Billions have been spent on antismoking campaigns. Cigarette taxes have been raised in 18 states this year alone, making lighting up a very expensive habit. Yet the American Lung Assn. (ALA) estimates that, every day, 4,800 teens take their first drag--and of those, about 2,000 go on to become addicted to cigarettes. Most disturbingly, teen smoking rates steadily increased throughout the 1990s, after declining in the '80s.
Given that 80% of adult smokers develop their habit before age 18, researchers are increasingly focusing on the reasons kids start. Their main discovery: Nicotine's proven ability to suppress appetite and speed up metabolism has made it a popular diet tool for girls and women. Studies by the University of Michigan's Monitoring the Future project found that 14-year-old girls are twice as likely to try smoking as boys, primarily because of concerns about weight. Numerous surveys have found that some 30% of teenage girls and adult women cite weight control as the main reason they smoke, far greater than any other justification. "The relationship between concerns about weight and smoking is dramatic," says Dr. Margaret R. Rukstalis, a psychiatrist at the University of Pennsylvania, who specializes in addictive behaviors.
Scientists are also coming to believe that young brains are biologically receptive to nicotine. Based on adult studies, it was long thought that it takes two years to become addicted to nicotine. But a National Institute on Drug Abuse report published in September found that some adolescents can become addicted within days of trying their first cigarette. Girls appear to get hooked faster. The research team, led by Dr. Joseph DiFranza of the University of Massachusetts, said that teenage girls reported symptoms of addiction, such as cigarette cravings and withdrawal pangs, an average of three weeks after starting. Boys took an average of six months to pick up the habit. This happened even if they only smoked two cigarettes a day.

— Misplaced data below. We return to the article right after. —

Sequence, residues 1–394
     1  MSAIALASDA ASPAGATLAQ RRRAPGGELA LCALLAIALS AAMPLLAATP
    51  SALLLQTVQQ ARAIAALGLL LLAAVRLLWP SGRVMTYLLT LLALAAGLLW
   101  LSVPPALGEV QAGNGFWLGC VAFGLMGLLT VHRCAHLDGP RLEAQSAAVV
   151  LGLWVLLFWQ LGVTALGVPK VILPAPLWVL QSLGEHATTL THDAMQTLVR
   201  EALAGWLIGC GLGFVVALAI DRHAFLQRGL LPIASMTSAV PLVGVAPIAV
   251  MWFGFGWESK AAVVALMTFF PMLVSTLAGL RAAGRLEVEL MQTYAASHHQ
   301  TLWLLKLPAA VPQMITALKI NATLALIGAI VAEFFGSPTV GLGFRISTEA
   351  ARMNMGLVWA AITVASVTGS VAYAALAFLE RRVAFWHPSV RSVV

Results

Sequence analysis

The biggest risk factor for smoking in a kid's life is parents who light up. That makes smoking seem O.K. and cigarettes accessible. But while smoking is in part a learned behavior, some believe there is a biological predisposition. David B. Abrams, director of the Center for Behavioral & Preventive Medicine at Brown University, says that the children of smokers "may be genetically more vulnerable to nicotine addiction."
Finally, there is the belief that kids smoke because they think it's cool. ALA President and CEO John L. Kirkwood blames the rise in teen smoking on targeted ads by tobacco companies and a romantic image of smoking in movies. Worse, the idea that smoking is cool is filtering down. Between 1991 and '96, smoking by 13-year-olds rose 50%, according to the University of Michigan survey. Today, 5.5% of eighth-graders smoke daily. It's the start of a long habit: Once teens start smoking, it takes them an average of 18 years to quit--the best reason to get them before they take that first puff.
By Catherine Arnst in New York